The second great adventure for the children will pay dividends in the children’s health and by virtue of that, their ability in school and the sports field for many years to come.

Several years ago we had a young couple Adam and Alissa volunteer with us. Inner city schoolteachers, highly gifted and enthusiastic, they returned home, felt that the world’s many problems could be addressed by individuals, and figured out a way that they might influence a healthy change in at least one area. Thus was born the “Cookbook Project.”

Adam and Alissa have traveled to countless developing countries to hold workshops in orphanages where they teach the children and staff how to prepare and eat a healthy diet based upon what is locally produced. They have an encyclopedic knowledge of food science and health as well as the hardships confronting the diet of many poor areas and homes in those areas.

The two week workshop was highly entertaining and taught so much more than food science, including team building, creativity, public speaking, thinking outside the box, confidence and the ability to laugh your way through unexpected obstacles.

Adam and Alissa really knew how to reach each of the participants individually, which I found key to their success. On the final Saturday they stood by while the students prepared a banquet of mouthwatering delights, all of which consisted of foods that are highly nutritious, chemical free and readily available.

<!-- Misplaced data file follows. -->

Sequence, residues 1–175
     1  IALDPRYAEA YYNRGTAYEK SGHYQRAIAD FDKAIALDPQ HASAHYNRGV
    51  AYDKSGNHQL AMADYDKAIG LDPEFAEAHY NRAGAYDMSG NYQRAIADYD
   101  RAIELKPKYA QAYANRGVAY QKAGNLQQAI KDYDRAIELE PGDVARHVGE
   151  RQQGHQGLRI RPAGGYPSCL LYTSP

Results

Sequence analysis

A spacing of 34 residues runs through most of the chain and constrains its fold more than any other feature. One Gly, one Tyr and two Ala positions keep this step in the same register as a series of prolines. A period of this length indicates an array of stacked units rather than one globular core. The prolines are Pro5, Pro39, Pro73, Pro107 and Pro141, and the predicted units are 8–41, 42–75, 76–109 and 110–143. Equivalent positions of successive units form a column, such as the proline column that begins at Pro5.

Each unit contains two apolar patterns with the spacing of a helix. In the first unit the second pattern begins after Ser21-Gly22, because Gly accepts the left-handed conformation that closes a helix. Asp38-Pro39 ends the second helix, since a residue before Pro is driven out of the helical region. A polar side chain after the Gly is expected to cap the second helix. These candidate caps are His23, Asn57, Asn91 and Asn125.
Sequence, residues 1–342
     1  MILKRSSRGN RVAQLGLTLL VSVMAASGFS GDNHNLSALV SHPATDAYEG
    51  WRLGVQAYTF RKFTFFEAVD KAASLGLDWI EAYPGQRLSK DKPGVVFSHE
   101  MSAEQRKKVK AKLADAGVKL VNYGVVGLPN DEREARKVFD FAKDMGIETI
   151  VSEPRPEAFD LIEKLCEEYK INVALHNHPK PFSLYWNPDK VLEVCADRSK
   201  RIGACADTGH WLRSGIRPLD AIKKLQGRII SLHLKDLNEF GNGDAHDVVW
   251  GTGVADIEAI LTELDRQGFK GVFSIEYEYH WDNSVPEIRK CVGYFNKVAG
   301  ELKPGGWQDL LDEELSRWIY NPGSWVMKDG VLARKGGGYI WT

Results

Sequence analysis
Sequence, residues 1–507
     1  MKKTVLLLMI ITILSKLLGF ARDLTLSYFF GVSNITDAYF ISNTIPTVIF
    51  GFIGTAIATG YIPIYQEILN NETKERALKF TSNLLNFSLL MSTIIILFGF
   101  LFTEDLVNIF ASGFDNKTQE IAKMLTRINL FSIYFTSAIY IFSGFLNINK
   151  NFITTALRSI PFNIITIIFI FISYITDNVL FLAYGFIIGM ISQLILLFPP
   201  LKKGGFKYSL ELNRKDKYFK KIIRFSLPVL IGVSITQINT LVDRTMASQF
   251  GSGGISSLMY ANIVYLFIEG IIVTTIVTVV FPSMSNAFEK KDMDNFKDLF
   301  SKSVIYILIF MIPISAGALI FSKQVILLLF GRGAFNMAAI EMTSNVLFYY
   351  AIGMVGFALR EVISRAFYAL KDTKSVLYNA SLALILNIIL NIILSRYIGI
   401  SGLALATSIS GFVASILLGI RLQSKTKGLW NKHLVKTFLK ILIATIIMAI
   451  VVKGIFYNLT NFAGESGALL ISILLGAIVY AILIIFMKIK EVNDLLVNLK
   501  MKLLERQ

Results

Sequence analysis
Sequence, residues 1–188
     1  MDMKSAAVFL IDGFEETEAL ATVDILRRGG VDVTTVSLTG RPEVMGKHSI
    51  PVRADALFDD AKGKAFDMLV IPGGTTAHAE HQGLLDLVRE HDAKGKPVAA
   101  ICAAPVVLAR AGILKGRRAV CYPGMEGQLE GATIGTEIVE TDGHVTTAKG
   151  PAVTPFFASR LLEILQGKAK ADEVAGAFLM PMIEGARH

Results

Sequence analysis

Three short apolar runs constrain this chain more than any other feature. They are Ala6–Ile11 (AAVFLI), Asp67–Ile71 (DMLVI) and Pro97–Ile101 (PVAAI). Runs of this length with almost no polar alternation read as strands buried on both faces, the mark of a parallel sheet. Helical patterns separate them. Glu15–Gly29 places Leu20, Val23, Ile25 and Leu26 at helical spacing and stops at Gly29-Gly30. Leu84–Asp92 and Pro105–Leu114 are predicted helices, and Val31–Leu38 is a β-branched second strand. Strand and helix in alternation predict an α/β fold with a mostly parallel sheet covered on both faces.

We have adopted two of the suggestions discussed. First, we have introduced brown rice in a 50/50 mix with our regular white rice and will slowly go to 100%. Second, we are making plans to provide the children with a natural home cooked lunch instead of the current offerings. Adam and Alissa were pleased to see our daily fruit intake and saw our morning and evening meals, once the white rice is replaced, to be extremely healthy.

After leaving Papa’s House, Adam and Alissa were returning to India where last year they helped the older girls in an orphanage to make delectable sweets made from all natural ingredients and market them. We were most fortunate to have them spend their time with us and steer us into a healthier diet, which will make more vibrant children in every way. Please also go to their website www.thecookbookproject.org to learn more about their valuable work.